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Topic: Samplng your own instruments???

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  1. #1

    Samplng your own instruments???

    Hey everyone!

    I am soon going to start sampling my own instruments and i have been looking all over the place and just cannot find any resources for how to do it well.

    I started this topic just to learn for myself and help others learn how to sample. I think it would be great to get some styles and techniques from some of the library developers or user's about the following topics.

    -Miking style
    -Editing Process
    -Obtaining Low Noise levels
    -Normalization
    -Programming

    I hope that this can evolve and we can all learn something new!!!

    -Jeremy

  2. #2

    Re: Samplng your own instruments???

    I think this is a great idea. I'd also love to know where to start.

  3. #3

    Re: Samplng your own instruments???

    Cool topic -

    Basically when I was building my library, the most important thing was just knowing what you wanted to end up with and working towards that kinda sound from the beginning. Finer points like whether or not to normalize, how to mic, and editing will all vary depending on what you're recording, your own preferences, and what equipment you have to work with. My advice would just be to plan ahead on all the details, and have a sense of how you'll eventually map everything even before you start recording; prototype patches are extremely useful.

    If you're interested, I did an interview with createdigitalmusic.com about my own recording and editing technique / insights - http://createdigitalmusic.com/2007/0...bert-roget-ii/
    Wilbert Roget, II
    Composer
    Rogetmusic.com

  4. #4

    Re: Samplng your own instruments???

    SampleRobot http://www.samplerobot.com/ is an easy way to automate the process of sampling a MIDI synth. But It can also divide up your own recorded multisamples from one large wav file and spread them out on a keymap. Individual samples can still be edited for those that prefer their samples hand-trimmed. It's a little pricey, but if you plan on doing alot of sampling, its worth it. They also include several hundred meg of instrument samples.

    Jeff

  5. #5

    Re: Samplng your own instruments???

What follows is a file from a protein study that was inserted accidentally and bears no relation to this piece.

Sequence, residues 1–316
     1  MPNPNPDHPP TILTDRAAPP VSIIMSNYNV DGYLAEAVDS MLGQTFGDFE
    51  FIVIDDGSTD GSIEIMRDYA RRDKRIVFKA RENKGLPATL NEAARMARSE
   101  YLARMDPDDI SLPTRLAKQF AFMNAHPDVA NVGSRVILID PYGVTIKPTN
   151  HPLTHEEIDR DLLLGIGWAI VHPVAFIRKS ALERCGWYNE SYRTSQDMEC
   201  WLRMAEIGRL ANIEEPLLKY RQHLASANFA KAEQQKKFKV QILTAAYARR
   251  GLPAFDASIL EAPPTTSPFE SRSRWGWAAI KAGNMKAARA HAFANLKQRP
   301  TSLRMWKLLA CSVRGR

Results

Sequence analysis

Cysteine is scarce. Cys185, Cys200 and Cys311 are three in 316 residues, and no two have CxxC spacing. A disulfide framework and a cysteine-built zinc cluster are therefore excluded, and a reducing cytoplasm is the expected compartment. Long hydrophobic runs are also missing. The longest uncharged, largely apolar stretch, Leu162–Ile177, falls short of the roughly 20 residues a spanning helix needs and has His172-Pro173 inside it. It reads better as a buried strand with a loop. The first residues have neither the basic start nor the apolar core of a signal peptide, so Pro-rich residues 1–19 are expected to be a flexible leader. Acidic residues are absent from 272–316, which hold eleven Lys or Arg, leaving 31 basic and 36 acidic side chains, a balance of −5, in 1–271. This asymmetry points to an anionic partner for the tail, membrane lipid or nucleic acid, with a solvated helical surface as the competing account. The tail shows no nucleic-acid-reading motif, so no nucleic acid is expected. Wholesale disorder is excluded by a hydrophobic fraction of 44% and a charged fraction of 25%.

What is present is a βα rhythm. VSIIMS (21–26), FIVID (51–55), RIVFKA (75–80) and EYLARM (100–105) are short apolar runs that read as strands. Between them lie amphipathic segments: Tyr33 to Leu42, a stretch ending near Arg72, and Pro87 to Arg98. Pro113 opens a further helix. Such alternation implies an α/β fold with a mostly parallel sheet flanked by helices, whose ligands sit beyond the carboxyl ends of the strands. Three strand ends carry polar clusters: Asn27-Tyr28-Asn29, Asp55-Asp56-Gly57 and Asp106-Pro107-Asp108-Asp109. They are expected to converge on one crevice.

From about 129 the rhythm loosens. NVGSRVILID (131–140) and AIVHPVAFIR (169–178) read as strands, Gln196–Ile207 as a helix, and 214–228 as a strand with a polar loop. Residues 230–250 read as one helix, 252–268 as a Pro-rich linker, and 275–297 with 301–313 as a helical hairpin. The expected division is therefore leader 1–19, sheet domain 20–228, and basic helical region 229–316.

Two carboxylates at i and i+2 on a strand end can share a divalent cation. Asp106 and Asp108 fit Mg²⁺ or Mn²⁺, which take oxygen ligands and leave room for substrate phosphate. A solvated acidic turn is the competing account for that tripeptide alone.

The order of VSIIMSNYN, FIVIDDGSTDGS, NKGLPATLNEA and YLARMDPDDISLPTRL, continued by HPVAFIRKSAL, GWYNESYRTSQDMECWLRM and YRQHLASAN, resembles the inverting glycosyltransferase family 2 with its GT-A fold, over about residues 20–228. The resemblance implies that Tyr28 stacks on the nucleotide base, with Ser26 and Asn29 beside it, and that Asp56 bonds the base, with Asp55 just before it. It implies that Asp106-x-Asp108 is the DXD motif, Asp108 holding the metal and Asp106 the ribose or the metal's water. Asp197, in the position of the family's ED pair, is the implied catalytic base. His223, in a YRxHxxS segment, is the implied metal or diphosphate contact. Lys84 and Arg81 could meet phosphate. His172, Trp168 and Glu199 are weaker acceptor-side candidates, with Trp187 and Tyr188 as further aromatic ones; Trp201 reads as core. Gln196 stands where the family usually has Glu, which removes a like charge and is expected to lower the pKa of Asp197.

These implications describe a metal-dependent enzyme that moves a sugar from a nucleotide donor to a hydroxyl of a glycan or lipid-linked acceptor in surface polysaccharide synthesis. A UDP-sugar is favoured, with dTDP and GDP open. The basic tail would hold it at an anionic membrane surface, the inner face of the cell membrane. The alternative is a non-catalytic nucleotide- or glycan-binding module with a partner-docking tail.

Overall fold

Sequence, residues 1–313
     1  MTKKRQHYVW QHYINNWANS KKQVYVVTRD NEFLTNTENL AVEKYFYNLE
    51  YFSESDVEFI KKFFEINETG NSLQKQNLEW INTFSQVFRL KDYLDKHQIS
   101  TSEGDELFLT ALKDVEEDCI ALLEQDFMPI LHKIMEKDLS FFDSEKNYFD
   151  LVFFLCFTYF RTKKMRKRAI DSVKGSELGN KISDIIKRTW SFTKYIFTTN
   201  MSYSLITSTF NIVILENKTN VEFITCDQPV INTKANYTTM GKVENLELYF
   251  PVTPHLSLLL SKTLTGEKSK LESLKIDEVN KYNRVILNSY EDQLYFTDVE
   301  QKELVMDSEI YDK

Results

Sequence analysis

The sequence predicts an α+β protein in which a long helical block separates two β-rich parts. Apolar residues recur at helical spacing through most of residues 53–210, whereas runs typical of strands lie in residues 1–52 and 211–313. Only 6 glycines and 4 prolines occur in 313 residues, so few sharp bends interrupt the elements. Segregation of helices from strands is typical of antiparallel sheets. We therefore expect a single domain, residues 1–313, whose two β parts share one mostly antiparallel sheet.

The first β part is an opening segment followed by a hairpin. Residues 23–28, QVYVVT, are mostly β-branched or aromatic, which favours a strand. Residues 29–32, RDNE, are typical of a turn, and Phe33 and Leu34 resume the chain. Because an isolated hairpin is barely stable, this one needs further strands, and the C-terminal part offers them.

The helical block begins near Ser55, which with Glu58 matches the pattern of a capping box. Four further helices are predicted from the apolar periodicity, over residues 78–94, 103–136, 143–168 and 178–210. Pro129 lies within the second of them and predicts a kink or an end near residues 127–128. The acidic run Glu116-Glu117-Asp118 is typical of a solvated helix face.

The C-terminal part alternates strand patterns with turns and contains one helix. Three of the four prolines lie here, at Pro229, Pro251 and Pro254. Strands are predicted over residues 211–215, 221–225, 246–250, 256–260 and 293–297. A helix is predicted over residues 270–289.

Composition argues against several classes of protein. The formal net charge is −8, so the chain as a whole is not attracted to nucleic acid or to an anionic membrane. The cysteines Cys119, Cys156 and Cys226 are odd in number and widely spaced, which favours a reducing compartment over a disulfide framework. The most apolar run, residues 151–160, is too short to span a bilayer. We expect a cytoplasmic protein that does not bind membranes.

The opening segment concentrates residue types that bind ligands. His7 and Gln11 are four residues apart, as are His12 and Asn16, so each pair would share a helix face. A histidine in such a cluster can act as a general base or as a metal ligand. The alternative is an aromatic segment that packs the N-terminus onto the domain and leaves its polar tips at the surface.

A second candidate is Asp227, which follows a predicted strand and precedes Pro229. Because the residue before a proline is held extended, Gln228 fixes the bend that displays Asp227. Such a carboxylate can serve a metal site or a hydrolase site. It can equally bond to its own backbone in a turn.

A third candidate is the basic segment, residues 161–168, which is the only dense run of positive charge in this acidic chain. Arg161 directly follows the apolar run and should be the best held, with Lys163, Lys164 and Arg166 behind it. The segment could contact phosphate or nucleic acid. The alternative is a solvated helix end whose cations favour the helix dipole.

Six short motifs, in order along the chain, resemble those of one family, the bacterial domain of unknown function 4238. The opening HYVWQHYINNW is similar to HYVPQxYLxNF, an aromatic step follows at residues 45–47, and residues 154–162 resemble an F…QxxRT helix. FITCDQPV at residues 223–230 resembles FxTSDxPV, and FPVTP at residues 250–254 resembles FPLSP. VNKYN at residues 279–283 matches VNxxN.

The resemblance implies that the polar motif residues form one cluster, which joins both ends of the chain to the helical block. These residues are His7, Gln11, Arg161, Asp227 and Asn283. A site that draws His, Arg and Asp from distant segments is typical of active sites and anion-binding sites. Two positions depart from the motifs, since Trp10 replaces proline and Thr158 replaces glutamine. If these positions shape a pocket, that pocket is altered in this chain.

Make sure you understand proper gain-staging - this is what will keep your noise floor low. If possible get a good mic or pair of mics and go right from the best preamp you can find into whatever's recording your signal. I don't personally agree with the idea of sampling ambience, it's very easy to add reverb later and impossible to get rid of it.

    The absolute most important issue with sampling wind brass or string instruments is that you get the best musician possible. No editing tools are going to make a lame oboe player's samples sound good. This is the biggest weakness with many of the older libraries out there.

    Take far more samples than you think you'll need. It's amazing how difficult it is to get samples that match up when placed on the keyboard. I think there's a lot to be said for using an audio editor to smooth out attack envelopes, eliminate "fade-ins" and EQ the different samples so they match when mapped out.

    Once you do a little of this you'll realize what a great value the libraries on the market are, even the really expensive ones.

  6. #6

    Thumbs up Re: Samplng your own instruments???

    Quote Originally Posted by Will Roget
    Cool topic -

    Basically when I was building my library, the most important thing was just knowing what you wanted to end up with and working towards that kinda sound from the beginning. Finer points like whether or not to normalize, how to mic, and editing will all vary depending on what you're recording, your own preferences, and what equipment you have to work with. My advice would just be to plan ahead on all the details, and have a sense of how you'll eventually map everything even before you start recording; prototype patches are extremely useful.

    If you're interested, I did an interview with createdigitalmusic.com about my own recording and editing technique / insights - http://createdigitalmusic.com/2007/0...bert-roget-ii/
    Thanks Will, I have read that interview before and I'm glad you input your advice. I especially like how you metion to always go with something new and creative. Thanks for the advice!!!

  7. #7

    Re: Samplng your own instruments???

    I am sampling my first piano today, I will probably have a prototype intsrument in a week or so.

    I will give my notes about my experience soon

  8. #8

    Re: Samplng your own instruments???

    I had a project years ago where I had to recreate a specific upright piano in a hardware sampler. Here's what I learned from that experience:

    1. Even with a piano, record lots more notes than you think you'll need. Things won't match up nearly as well as you'd expect when you map the samples to keys, and you'll want to have lots of options trying to get a good blend.

    2. Do NOT record one pass of pp notes up and down the keyboard, followed by a pass of mf, f, ff etc. Take each individual note and sample as many dynamic levels as you're going to want, one right after the other. The reason for this is that slight changes in mic position, room humidity, piano tuning and the location of the Earth in the cosmos will be audible if you later try to velocity switch samples that were recorded hours or especially days apart. What's especially disturbing is when the stereo soundfield changes slightly in dynamic crossfading, due to mics having slightly moved between recording the various levels. You'll notice this in some of the old piano libraries done in Akai format.

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